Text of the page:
They argued that the suggested options regarding coverage through a third-party administrator are all insufficient because the plan itself continues to fund or serve “as a gateway” to facilitate earmarked funding for objectionable products and procedures.
Either by paying for the coverage through their premiums or allowing access to such coverage through the plan itself, objecting organizations will be facilitating something that they consider gravely immoral, they said.
The bishops’ lawyers also pointed out that by having insurers or third-party administrators automatically provide the controversial coverage, women are denied the freedom to decline the coverage or to prevent their minor children from being offered “free” and “private” contraceptives and related “education” without parental consent.
They further noted that the religious rights of third-party administrators and insurance issuers have not been adequately addressed.
The attorneys also voiced concern over the fact that numerous individuals, employers and insurers who object to the mandate are not eligible for the “temporary enforcement safe harbor,” which would delay the implementation of the mandate for one year.
These stakeholders will be subject to the mandate for plan or policy years starting as soon as August 1, 2012, the attorneys warned. In the next few months, they will face the choice of violating their deeply-held beliefs or dropping out of the health insurance marketplace, with the possibility of facing crippling penalties that could put them out of business.
Furthermore, the lawyers said, the advance notice of proposed rulemaking raises new questions, as some of its statements are ambiguous or hypothetical and require clarification.
They observed that the administration has not yet determined how to treat religious organizations that object to some but not all of the coverage, such as Christian groups that oppose abortion-causing drugs but allow for contraceptive use.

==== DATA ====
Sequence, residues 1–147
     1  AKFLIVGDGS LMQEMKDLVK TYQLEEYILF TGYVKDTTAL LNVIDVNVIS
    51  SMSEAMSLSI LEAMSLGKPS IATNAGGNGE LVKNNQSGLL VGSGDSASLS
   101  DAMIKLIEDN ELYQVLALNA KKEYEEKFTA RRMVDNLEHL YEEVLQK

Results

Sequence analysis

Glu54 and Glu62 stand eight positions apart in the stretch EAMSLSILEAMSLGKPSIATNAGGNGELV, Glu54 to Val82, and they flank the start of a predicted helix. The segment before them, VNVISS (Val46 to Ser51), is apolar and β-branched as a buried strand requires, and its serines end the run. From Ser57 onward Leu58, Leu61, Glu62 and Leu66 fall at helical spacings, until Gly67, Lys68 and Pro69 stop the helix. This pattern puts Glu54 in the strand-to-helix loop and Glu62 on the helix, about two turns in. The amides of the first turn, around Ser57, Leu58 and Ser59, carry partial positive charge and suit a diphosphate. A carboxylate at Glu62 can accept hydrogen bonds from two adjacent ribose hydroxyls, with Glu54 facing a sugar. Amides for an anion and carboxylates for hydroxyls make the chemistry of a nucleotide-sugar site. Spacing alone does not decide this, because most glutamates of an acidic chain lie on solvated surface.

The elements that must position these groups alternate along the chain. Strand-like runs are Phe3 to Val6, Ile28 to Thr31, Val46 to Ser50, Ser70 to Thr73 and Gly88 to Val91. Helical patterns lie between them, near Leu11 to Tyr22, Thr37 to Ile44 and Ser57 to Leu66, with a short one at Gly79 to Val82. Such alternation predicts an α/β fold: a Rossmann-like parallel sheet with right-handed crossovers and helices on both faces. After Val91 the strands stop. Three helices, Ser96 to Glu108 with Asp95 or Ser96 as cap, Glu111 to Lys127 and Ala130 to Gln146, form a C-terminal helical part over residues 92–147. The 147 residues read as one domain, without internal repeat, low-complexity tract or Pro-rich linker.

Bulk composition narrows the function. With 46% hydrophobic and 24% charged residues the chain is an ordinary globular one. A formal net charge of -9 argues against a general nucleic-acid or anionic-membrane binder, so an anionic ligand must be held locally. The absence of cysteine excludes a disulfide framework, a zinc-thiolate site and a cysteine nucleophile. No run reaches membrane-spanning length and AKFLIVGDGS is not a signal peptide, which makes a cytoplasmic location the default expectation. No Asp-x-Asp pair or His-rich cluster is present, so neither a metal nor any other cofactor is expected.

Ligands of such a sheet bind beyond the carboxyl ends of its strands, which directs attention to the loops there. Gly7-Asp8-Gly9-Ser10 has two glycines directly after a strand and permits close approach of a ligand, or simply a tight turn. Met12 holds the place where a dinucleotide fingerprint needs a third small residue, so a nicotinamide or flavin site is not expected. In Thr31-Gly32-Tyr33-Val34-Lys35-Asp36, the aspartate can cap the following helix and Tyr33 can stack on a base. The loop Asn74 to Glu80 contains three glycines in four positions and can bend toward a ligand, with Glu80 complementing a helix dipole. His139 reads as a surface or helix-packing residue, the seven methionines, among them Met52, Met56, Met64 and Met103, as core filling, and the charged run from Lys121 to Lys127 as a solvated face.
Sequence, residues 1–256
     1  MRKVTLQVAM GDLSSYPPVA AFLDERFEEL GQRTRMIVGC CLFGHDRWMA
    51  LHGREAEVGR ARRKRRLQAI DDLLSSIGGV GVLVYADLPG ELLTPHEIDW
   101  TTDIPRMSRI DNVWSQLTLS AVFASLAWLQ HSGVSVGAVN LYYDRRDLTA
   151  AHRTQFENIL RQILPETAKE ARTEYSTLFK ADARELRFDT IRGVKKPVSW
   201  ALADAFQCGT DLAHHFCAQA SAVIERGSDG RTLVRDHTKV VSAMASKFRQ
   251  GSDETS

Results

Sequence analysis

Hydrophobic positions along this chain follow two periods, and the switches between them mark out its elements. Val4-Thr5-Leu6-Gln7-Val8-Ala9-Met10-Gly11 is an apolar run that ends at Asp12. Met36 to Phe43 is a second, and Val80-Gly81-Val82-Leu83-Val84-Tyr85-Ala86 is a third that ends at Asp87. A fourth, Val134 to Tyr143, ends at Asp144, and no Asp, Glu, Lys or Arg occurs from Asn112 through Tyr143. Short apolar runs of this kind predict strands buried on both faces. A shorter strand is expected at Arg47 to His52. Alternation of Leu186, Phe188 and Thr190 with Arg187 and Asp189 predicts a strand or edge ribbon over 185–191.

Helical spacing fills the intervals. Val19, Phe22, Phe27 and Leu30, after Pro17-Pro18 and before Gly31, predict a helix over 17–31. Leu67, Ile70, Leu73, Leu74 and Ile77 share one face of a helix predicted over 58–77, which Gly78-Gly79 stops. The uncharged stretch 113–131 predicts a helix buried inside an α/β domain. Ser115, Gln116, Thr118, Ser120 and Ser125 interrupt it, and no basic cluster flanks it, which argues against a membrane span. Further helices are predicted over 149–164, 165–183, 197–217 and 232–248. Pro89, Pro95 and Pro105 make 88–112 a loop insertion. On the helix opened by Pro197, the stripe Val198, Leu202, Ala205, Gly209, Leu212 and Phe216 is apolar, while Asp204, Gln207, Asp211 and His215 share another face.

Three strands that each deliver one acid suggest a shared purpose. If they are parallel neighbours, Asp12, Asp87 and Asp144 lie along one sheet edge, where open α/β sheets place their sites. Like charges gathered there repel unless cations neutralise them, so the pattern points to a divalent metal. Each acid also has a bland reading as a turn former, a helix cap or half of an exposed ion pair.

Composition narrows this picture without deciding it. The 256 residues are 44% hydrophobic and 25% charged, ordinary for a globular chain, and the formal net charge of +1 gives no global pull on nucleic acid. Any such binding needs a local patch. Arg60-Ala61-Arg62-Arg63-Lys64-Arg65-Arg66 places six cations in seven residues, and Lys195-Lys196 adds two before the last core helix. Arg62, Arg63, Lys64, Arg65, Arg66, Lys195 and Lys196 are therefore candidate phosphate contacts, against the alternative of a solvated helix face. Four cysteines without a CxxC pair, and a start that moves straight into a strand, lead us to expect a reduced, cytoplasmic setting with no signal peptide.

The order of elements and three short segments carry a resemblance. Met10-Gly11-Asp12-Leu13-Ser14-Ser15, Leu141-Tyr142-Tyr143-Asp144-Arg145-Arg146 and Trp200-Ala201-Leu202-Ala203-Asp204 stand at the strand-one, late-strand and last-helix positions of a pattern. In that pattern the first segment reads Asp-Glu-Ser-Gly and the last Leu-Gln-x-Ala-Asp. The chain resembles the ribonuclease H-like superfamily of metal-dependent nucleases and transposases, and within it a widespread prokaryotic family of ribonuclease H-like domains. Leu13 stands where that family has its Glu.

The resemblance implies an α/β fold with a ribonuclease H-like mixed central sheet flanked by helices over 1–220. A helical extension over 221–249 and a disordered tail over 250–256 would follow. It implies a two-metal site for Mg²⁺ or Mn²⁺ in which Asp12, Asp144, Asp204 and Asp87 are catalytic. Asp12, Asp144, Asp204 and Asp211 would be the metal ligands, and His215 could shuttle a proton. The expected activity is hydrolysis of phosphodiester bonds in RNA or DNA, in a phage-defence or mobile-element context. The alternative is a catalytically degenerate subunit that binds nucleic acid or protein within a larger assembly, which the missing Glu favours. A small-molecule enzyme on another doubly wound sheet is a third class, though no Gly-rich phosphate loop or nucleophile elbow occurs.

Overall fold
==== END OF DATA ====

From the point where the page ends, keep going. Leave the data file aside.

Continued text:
In such cases, the government should recognize the conscience rights “of all stakeholders,” whether they object to part or all of the mandated coverage, they said.
The bishops’ attorneys also argued that an organization’s past inclusion of contraception and related coverage should not prevent it from qualifying for an accommodation in the future. The Obama administration has already made previous coverage of such products a disqualification for the “temporary enforcement safe harbor” that is being offered to some groups.
However, the lawyers noted, some employers and organizations may have included such coverage “mistakenly or unknowingly,” and now wish to correct that error in accordance with their conscience.
(Story continues below)
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The bishops’ attorneys emphasized that “the only complete solution to this set of problems is to rescind the mandate.”
Short of that, they said, the administration should at least “adopt an exemption that protects the consciences of all stakeholders with a religious or moral objection to the mandate.”